Upper Airway Resistance Syndrome (UARS) is on the spectrum of sleep disordered breathing between simply snoring and obstructive sleep apnea. It involves upper airway turbulence that occurs as a result decreasing airway diameter.
Sleep disorders and obstructive breathing during sleep develop over time. At the extreme end of the sleep disordered breathing spectrum is obstructive sleep apnea (OSA), and at the other end is mild snoring. Mild snoring rarely has a negative effect on health; however, if it gets worse over time, it could lead to a host of medical concerns, including a diagnosis of upper airway resistance syndrome (UARS)
It is important to note that UARS will eventually progress to OSA if left untreated. OSA carries with it a dangerous list of health risks and concerns including diabetes, heart disease, and obesity.
UARS starts as simple snoring, harmless to most people. Snoring is the vibrating sounds when air passes through the loosened tissues. It is the first sign that there is some sort of obstruction in the respiratory system. The greater the obstruction, the greater the airway resistance and the louder the snoring.
Upper airway resistance syndrome occurs when mild snoring becomes worse and leads to symptoms such as daytime sleepiness and fatigue.
Left untreated, UARS can lead to many consequences, including:
The causes of UARS are identifiable in that they are similar to obstructive sleep apnea. The loose or relaxed fatty tissues in the throat collapsing in combined with narrowed airways causes UARS. Additionally, the tongue falling to the back of the throat during sleep could cause an obstruction and difficulty breathing. Due to greater breathing effort needed to get through the obstructions, people with UARS may have heavy, labored breathing rather than the loud snoring sounds that are often associated with the condition.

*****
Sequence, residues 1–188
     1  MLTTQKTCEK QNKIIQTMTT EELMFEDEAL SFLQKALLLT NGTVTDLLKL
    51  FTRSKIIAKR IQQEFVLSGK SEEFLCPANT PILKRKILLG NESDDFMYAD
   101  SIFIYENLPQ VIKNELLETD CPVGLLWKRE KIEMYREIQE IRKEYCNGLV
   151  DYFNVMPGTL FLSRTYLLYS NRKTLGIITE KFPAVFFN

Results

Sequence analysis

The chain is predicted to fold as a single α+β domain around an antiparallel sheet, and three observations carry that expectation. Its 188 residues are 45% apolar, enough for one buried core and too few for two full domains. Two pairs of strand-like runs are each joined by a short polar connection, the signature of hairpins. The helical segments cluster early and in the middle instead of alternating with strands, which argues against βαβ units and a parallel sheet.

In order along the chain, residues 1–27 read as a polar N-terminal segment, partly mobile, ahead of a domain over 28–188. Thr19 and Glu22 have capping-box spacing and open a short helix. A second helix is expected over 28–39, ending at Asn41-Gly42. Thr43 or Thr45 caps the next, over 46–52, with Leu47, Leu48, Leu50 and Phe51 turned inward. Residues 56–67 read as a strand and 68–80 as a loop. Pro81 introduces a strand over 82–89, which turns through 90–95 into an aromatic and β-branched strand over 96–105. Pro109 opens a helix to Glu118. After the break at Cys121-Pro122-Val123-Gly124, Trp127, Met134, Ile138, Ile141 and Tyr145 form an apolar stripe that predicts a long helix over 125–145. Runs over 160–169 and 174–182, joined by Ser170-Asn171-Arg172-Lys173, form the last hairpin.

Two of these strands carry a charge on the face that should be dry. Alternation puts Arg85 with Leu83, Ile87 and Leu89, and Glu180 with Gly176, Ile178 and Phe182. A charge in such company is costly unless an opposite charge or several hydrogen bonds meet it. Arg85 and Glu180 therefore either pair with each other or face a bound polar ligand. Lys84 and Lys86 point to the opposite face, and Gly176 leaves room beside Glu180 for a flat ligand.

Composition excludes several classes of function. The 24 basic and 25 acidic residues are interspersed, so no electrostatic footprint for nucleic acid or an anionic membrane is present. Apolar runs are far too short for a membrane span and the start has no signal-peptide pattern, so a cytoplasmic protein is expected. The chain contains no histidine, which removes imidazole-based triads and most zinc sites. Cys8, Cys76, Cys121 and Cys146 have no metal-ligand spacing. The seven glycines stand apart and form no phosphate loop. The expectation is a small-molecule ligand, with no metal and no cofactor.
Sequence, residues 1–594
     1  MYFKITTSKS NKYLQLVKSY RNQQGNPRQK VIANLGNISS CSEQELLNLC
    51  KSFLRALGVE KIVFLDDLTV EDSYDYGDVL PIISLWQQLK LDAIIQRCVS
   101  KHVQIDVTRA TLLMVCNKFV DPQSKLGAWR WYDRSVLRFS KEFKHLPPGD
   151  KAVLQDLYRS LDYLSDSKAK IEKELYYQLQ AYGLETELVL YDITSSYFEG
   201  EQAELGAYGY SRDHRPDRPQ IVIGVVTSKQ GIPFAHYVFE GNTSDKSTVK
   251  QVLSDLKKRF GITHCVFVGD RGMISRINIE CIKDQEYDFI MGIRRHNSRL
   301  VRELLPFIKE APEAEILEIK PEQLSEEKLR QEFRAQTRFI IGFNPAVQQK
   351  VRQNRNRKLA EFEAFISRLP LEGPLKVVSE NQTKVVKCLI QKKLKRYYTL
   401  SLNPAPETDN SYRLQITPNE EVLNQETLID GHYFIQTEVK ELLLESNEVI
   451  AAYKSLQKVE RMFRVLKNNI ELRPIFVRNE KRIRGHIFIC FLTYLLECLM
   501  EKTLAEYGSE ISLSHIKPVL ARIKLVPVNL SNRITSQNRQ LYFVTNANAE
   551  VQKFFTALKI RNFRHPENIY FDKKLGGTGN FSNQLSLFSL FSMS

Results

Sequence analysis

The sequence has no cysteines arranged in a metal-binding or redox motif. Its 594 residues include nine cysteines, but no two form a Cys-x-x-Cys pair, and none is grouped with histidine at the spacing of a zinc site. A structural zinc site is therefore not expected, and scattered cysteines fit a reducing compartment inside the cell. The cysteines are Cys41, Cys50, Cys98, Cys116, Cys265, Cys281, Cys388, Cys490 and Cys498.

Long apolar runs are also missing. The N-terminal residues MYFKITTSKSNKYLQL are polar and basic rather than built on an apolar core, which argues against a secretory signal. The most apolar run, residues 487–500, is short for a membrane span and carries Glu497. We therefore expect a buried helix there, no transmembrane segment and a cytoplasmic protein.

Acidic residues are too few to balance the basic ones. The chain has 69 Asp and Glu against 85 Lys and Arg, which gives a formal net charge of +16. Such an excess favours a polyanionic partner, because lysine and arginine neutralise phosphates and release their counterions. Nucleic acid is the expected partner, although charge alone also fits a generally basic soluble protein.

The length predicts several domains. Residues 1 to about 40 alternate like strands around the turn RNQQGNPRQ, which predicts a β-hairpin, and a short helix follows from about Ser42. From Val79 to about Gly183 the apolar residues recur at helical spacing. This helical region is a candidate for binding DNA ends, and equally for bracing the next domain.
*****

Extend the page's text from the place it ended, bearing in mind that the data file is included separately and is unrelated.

The brain is conditioned to arouse itself from deep sleep to compensate for the additional effort needed to breathe. When this happens, it is impossible for the brain to perform the necessary restorative tasks that take place during normal sleep cycles.
While there are clearly similarities and connections between UARS and OSA, there are also some identifiable differences. The biggest difference is that pauses and decreases in breathing that are present in OSA patients are virtually absent or very low in those with UARS. Obesity is a common concern in those with OSA, but people with UARS are generally of average weight. UARS can affect anyone of any ethnicity or gender; however, OSA is far more common in caucasian men.
Treatment for UARS should be considered the moment one realizes snoring has progressed and daytime symptoms are present. Methods for treating UARS are similar to OSA, but differ in that CPAP (the most common treatment for OSA) is usually a last resort in those with upper airway resistance syndrome.
First, if UARS is a concern, lifestyle and behavior changes are the first to be considered for treatment. Practicing good sleep hygiene, eating a proper diet, and getting a good amount of exercise will go a long way to reducing the symptoms. Further, there are dental and oral appliances that can be used to keep the airways open. These are often recommended along with the above-mentioned lifestyle and behavioral changes.
If snoring has become a progressive issue, with daytime sleepiness and fatigue symptoms present, then it is advisable to speak to a physician as soon as possible to avoid progression to an OSA diagnosis.
© 2020 American Sleep Association.